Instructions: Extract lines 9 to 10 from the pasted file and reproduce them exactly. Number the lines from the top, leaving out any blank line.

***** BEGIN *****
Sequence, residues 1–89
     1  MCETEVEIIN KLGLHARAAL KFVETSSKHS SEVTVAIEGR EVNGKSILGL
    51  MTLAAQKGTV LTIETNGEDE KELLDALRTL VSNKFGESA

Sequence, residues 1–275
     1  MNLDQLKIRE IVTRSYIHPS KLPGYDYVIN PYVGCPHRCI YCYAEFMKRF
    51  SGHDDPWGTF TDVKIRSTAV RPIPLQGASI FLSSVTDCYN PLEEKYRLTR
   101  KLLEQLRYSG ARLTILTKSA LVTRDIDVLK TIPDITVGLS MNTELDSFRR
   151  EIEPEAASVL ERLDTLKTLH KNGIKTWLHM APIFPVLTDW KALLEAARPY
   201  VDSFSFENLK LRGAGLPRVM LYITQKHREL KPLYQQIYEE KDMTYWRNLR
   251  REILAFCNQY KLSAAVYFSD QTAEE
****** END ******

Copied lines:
   201  VDSFSFENLK LRGAGLPRVM LYITQKHREL KPLYQQIYEE KDMTYWRNLR
   251  REILAFCNQY KLSAAVYFSD QTAEE